The Art of the Spreadsheet. Copyright 2008 John F. Raffensperger

1. Why is spreadsheet style important?
2. Make your spreadsheet read from left to right and top to bottom.
3. Omit unneeded bytes.
4. Omit unneeded sheets.
5. Organize blocks with care.
6. Attend to blank space.
7. Omit unneeded cells.
8. Format with caution.
9. Show all the information.
10. Spreadsheet errors.
11. How to audit a spreadsheet.
12. Suggestions for operations researchers.
13. Teaching the art of the spreadsheet.
Appendix. Checklist for a spreadsheet.

4. Be concise with sheets

A widely held opinion about spreadsheets is that multiple sheets help readability. Spreadsheet writers will tell you they use multiple sheets for user friendliness, because they think that breaking the model into modules makes a large spreadsheet easier for the reader to digest. The modules may be abstract, with different modules for data, formulas, and output. Or the modules may be concrete, with modules associated with specific aspects of a business problem, such as people, time, and preferences.

Sheet tabs give the spreadsheet an outline, so the reader can jump directly to a major section without having to scroll. Often, however, the writer has not organized the spreadsheet very well, so Sheet 2 is a module that really fits between Sheet 1, parts 1 and 2. In text, a writer should not insist that the reader jump back and forth between sections; most writers know that. Text is written to flow from top to bottom and left to right. The outline helps the reader keep track of the main ideas. But hyperjumping back and forth from Sheet 1 to Sheet 2 can be nauseating.

Three-dimensional data, intuitively, seems naturally put on multiple sheets. We picture in our minds a set of sheets layered like blankets on a bed, and we assume that the reader will immediately grasp this image as well, at the first view.

Separate sheets seem to be useful for specially formatted reports. The report is formatted one way on one sheet, and formatted a different way on a different sheet. Never mind that a change in one place often requires chasing down the same annoying details everywhere else.

Multiple sheets may be useful for databases that change in size. The large set of changeable data is on one sheet, with the query and reports on other sheets. Related to this, those who used to advocate a stair step structure, to avoid problems with row or column insertion, now advocate the use of multiple sheets. By putting blocks on different sheets, changing one block will not affect the other blocks.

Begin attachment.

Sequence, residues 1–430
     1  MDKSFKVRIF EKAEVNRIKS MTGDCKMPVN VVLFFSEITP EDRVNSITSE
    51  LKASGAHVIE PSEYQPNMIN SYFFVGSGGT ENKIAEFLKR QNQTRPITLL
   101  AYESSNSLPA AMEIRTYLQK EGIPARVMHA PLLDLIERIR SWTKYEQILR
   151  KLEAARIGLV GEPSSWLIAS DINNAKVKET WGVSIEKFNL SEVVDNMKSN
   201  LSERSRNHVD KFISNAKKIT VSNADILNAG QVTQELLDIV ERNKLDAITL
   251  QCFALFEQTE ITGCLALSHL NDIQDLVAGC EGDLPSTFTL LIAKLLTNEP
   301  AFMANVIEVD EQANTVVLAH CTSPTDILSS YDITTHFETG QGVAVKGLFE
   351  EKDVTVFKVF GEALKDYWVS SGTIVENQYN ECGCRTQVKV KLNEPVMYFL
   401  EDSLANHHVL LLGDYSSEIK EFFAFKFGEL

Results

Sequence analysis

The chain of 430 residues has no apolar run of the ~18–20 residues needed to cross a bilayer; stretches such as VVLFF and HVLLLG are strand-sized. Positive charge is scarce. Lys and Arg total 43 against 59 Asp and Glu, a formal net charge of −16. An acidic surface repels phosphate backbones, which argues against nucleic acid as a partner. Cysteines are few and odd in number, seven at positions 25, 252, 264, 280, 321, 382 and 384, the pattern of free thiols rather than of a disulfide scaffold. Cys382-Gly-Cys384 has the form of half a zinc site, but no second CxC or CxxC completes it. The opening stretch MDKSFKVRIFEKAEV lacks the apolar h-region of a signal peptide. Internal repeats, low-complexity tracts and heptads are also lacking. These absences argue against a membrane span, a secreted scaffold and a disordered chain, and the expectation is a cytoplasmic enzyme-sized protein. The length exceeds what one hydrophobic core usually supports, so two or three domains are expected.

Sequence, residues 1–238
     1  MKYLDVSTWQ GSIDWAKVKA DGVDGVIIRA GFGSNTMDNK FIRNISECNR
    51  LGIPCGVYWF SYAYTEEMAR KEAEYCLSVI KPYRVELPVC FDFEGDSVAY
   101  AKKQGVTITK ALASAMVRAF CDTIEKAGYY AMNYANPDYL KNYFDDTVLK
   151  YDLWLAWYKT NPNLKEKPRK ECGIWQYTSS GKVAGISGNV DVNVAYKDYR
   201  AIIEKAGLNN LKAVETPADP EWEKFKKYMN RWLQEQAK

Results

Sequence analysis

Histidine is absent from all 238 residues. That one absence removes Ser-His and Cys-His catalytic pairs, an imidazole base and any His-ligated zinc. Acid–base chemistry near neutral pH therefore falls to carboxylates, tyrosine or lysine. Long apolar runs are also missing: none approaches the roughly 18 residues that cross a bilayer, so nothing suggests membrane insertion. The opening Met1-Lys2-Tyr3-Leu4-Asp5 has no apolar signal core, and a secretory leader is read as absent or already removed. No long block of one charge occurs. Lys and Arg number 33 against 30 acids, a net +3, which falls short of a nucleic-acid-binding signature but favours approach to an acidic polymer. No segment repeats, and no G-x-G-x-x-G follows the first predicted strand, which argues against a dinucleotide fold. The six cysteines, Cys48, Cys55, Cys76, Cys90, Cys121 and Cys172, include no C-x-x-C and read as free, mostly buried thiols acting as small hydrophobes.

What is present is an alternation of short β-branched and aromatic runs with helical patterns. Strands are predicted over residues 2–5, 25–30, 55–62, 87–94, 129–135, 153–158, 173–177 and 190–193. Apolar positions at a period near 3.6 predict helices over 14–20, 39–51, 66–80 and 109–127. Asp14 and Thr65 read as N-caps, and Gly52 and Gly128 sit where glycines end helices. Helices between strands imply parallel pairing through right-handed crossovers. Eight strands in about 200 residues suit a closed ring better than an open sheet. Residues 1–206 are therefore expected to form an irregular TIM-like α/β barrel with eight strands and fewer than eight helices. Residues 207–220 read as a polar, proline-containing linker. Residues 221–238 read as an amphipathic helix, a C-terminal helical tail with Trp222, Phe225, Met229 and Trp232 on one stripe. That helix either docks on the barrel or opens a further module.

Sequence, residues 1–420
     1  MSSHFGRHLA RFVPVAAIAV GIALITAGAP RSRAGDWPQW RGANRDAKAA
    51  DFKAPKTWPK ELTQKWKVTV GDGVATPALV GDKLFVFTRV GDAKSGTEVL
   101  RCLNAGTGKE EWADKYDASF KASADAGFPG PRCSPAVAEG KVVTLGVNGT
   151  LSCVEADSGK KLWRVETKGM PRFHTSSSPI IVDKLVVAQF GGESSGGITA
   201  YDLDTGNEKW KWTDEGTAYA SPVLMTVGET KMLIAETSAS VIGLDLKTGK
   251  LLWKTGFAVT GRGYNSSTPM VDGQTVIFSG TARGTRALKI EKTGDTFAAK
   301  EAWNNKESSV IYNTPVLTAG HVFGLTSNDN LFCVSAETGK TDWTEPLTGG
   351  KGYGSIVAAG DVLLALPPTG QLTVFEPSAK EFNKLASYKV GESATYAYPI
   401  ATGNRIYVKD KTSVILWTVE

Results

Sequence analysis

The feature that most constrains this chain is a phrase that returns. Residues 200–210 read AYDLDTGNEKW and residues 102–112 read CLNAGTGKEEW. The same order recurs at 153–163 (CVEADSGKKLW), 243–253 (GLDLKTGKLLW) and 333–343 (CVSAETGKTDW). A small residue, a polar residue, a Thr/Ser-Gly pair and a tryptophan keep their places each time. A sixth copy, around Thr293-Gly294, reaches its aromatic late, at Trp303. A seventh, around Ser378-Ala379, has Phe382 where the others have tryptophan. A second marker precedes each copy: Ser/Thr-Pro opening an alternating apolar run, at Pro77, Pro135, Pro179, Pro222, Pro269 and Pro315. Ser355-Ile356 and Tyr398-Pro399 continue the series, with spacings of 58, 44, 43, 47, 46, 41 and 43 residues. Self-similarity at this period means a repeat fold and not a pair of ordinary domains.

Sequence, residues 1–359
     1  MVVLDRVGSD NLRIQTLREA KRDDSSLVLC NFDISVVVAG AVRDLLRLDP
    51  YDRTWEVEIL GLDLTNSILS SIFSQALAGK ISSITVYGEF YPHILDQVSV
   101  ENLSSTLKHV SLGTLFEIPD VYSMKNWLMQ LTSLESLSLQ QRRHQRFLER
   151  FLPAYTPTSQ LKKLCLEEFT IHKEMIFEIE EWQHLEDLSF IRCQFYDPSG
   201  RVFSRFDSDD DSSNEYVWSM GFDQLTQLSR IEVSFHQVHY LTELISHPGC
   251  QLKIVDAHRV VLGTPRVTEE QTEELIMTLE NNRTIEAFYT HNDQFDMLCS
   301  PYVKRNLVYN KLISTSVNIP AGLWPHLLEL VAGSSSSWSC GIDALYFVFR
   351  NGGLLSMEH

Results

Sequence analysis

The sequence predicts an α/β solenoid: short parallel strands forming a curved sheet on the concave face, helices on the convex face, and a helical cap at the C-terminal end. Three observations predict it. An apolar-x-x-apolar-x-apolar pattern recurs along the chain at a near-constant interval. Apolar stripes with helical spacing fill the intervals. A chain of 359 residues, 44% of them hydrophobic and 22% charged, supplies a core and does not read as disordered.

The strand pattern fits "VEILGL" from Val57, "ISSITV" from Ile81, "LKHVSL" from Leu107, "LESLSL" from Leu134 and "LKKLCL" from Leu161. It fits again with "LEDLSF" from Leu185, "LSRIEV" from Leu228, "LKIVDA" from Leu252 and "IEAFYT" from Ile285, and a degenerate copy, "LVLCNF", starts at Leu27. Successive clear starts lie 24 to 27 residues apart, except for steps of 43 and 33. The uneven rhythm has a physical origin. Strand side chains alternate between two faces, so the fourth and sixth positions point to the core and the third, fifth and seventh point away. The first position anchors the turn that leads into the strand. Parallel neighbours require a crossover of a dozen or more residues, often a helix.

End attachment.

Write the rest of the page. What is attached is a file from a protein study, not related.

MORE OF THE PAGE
These uses for multiple sheets seem to be compelling, but I am going to make a case for fewer sheets. In my own experience, I have never seen the need for more than one, though I have sometimes seen that a second one did not hurt. Multiple sheets are a negative feature - something you can do easily, but probably should do sparingly, if at all.

D. Mather, “A framework for building spreadsheet based decision models,” Journal of the Operational Research Society, 1999, vol. 50, pp. 70-74.

The suggestion that multiple sheets are bad is controversial (Mather, among many others, disagrees), and one sheet may not be optimal in every case (just in every case that I have seen).

What is wrong with multiple sheets? Multiple sheets create a surprising number of usability and readability problems.

First a definition. A spurious cell is a cell that simply points to another, as in “G8=Input!G15.” A spurious cell has exactly one precedent. Mathematically, this is the same as a = b. The writer cannot see data on another sheet, so he adds cells that simply refer to it.

Multiple sheets breed spurious cells and labels, the way dogs have fleas. Spurious cells appear as information is “copied” from other sheets, usually from the “Input” sheet. The information is there “just in case the reader wants to see it.” It is ironic that an “input” should be thus copied onto other sheets - is it an input, or is it a formula? A reference to a constant is a formula, but the writer wants to remind us of constant data. Such copying can duplicate the entire “input block” on every sheet! Failure to be concise in the number of sheets motivates the use of “otiose symbols,” as Higham put it.

Spurious cells give the reader the temptation to check back and forth, to check the formula visually. If the reader understood the meaning and context in the previous screen, his first reaction will be to go back and look at it - “What was that again? - oh yes, this is the same as that.” A waste of time. We will discuss spurious cells again later.